Between 1880 and 1885, through Arsène Houssaye, she met the critic Jules Lemaître, who was 15 years younger than her. Under his leadership, she founded, the League of the French Homeland in 1899, and became its first president. Encouraging nationalism, they put their political hopes, like other personalities such as the Duchess of Uzès, in General Boulanger and became passionately anti-Dreyfusards.[12] This led to a break with some of her friends including Georges Clemenceau, Georges de Porto-Riche and Anatole France. From then on she received into her home Édouard Drumont, Jules Guérin and Henri Rochefort.[12]

In her latter years she supported the political position of Charles Maurras,[15] and shortly before her death on 21 January 1908, Detourbay helped Maurras and Léon Daudet to found the Royalist newspaper L'Action française by donating 100,000 gold francs.

The Countess of Loynes was buried in Montmartre Cemetery, alongside her parents.



  • 58, rue neuve, (now rue Gambetta), from her birth in 1837
  • 16, rue du Cadran-Saint-Pierre (in 1852);
  • 8, rue de la Grosse-Écritoire (in 1854, middle-class pension).


  • Place Royale (Place des Vosges);
  • Rue de Vendôme (in 1857);
  • 28, rue de l'Arcade (8th arrondissement) (in 1865);
  • 53, avenue d'Iéna (in 1886);
  • 152, avenue des Champs-Elysées (8th arrondissement) (from 1896).


  1. "Jeanne Loynes (comtesse de, 1837-1908)". Retrieved 10 March 2019.
  2. Baldick 1971, p. 237.
  3. Holden 1950, p. 142.
  4. "LA COMTESSE DE LOYNES, Gerard Desanges - livre, ebook, epub". (in French). Retrieved 10 March 2019.
  5. "La comtesse de Loynes : Du Second Empire à l'Action française De Dumas père et fils à Proust". Babelio (in French). Retrieved 10 March 2019.
  6. Guilbert, Cécile (19 July 2014). "Gustave Flaubert à Jeanne de Tourbey". France Culture (in French). Retrieved 10 March 2019.
  7. "Saturday Art: Madame de Loynes by Amaury Duval". Shadowproof. 16 October 2010. Retrieved 10 March 2019.
  8. "Musée d'Orsay: Amaury-Duval Madame de Loynes". Retrieved 10 March 2019.
  9. "Amaury-Duval - Madame de Loynes". LANKAART (in French). 13 December 2016. Retrieved 10 March 2019.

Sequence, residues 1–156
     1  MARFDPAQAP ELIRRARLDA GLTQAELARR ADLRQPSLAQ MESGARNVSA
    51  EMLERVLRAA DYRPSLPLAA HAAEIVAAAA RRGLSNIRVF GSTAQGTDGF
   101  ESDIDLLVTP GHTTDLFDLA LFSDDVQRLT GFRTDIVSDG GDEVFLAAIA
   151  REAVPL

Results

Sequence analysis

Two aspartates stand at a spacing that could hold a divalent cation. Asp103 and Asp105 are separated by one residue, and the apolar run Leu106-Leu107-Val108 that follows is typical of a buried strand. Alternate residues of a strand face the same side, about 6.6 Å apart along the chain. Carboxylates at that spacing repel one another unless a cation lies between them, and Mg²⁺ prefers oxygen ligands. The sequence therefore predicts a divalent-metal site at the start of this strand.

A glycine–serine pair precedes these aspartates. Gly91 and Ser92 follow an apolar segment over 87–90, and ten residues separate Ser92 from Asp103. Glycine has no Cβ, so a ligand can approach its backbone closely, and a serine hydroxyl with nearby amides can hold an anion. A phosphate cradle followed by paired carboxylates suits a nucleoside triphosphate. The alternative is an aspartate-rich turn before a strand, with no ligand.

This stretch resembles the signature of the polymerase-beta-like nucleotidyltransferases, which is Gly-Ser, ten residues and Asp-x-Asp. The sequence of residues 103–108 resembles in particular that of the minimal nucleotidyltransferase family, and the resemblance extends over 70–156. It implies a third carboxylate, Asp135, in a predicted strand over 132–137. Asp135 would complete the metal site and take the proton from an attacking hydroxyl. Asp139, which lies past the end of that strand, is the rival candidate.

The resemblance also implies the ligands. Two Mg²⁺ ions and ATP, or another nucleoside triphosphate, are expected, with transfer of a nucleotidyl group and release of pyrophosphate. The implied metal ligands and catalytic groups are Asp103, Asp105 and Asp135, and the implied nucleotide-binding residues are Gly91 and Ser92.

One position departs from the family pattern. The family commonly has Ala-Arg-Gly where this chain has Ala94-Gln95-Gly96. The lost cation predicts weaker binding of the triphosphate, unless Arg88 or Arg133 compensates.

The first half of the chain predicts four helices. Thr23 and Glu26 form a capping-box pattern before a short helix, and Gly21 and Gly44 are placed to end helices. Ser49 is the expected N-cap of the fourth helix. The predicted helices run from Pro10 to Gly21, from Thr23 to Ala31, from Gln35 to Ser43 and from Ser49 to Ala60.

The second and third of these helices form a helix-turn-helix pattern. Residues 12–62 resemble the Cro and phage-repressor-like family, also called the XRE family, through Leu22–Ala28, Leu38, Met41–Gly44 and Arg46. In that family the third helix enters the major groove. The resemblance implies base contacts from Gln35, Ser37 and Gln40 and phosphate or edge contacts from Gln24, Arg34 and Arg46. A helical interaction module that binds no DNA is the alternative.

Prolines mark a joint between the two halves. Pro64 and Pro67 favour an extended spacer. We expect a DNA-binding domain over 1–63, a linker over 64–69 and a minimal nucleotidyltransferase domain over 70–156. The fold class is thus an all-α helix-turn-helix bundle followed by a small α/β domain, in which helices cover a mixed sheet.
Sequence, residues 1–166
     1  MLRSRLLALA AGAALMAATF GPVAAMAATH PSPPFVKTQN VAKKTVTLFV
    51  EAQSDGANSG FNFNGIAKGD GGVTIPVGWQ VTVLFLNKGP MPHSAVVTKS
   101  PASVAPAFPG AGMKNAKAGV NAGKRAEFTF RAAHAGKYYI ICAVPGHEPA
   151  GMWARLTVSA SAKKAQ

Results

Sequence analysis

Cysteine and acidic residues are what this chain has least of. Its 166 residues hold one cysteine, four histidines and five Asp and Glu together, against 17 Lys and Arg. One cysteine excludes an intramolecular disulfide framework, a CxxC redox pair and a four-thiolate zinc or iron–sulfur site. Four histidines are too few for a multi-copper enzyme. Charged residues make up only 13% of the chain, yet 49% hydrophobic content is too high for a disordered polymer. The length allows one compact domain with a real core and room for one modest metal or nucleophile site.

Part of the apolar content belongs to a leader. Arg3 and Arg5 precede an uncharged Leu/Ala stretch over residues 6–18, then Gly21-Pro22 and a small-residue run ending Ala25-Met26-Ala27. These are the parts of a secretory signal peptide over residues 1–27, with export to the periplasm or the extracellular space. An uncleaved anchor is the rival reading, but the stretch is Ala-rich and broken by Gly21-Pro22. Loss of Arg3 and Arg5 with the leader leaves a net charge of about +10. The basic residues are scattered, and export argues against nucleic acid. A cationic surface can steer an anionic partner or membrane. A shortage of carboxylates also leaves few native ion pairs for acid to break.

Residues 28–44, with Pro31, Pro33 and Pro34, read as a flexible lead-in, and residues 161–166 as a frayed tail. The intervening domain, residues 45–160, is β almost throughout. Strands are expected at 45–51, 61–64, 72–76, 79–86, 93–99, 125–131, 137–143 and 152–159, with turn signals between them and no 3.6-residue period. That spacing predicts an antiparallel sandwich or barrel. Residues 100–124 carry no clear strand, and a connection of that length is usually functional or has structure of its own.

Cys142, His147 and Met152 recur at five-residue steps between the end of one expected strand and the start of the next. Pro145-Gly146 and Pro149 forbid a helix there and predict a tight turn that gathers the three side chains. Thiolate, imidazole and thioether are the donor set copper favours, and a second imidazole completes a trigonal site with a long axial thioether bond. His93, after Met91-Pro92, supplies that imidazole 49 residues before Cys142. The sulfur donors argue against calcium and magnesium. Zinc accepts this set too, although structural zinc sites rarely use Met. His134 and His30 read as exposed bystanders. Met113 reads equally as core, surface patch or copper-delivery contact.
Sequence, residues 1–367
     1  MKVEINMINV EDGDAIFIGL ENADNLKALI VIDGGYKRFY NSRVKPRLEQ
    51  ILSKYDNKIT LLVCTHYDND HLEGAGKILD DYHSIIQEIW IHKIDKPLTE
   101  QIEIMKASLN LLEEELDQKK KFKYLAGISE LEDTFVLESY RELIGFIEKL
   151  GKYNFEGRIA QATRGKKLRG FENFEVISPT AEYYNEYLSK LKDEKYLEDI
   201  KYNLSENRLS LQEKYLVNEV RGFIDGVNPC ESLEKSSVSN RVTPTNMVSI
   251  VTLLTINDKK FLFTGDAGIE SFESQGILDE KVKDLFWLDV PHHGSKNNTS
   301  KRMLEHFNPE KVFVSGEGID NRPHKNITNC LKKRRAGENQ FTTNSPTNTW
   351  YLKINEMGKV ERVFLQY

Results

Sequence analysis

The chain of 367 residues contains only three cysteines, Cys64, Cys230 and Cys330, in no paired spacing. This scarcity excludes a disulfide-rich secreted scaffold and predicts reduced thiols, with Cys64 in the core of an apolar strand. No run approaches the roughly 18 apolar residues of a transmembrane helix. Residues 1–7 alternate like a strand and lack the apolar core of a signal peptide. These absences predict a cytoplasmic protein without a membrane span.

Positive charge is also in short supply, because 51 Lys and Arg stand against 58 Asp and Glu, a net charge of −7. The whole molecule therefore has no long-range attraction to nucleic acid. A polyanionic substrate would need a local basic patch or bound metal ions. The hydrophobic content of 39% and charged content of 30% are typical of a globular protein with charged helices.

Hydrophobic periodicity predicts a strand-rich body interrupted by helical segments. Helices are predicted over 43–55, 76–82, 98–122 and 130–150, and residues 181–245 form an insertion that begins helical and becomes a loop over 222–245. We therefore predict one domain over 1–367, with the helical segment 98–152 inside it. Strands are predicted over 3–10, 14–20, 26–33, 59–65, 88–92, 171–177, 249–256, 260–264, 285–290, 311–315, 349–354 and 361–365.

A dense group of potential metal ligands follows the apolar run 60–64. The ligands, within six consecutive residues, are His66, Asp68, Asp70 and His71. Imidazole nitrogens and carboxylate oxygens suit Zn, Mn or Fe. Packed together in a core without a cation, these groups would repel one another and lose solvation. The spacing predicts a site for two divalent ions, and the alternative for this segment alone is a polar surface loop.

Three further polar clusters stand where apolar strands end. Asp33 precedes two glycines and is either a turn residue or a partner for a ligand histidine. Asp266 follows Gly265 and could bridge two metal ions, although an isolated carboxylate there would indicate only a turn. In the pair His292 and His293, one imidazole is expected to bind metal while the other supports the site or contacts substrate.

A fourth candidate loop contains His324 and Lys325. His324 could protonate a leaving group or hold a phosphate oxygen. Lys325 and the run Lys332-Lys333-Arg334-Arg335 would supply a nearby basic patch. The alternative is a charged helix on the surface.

10. "Mystery nude's name uncovered 150 years on". BBC. 25 September 2018. Retrieved 10 March 2019.
  11. Gallimard 1980, pp. 813-814.
  12. "La Comtesse de Loynes, biographie par Pierre-Robert Leclercq - Bigmammy en ligne". (in French). 20 November 2011. Retrieved 10 March 2019.
  13. Goncourt & Goncourt 1971, p. 361.
  14. Picard Tajan Ader 1986.
  15. "Marie-Anne Detourbay, condesa de Loynes". Nombres de mujer (in Spanish). 15 November 2018. Retrieved 10 March 2019.


  • Baldick, Robert (1971). Dinner at Magny's. Gollancz.
  • Gallimard, ed. (1980). "Lettre à Jeanne de Tourbey du 15 mai 1858". Flaubert : Correspondance, tome 2 Juillet 1851 - Décembre 1858 (in French). Bibliothèque de la Pléiade.
  • Goncourt, Edmond de; Goncourt, Jules de (1971). Becker, George Joseph; Philips, Edith (eds.). Paris and the Arts, 1851-1896: From the Goncourt Journal. Cornell University Press. ISBN 9780801406553.
  • Holden, Wilfred Herbert (1950). The Pearl from Plymouth: Eliza Emma Crouch, alias Cora Pearl, with notes on some of her celebrated contemporaries. British Technical and General Press.
  • Picard Tajan Ader (1986). Tres Beaux Livres Des Xixe Et Xxe Siècles - Manuscrits - Vente a Paris, Hotel Drouot - 4 Juin 1986.
This article is issued from Wikipedia. The text is licensed under Creative Commons - Attribution - Sharealike. Additional terms may apply for the media files.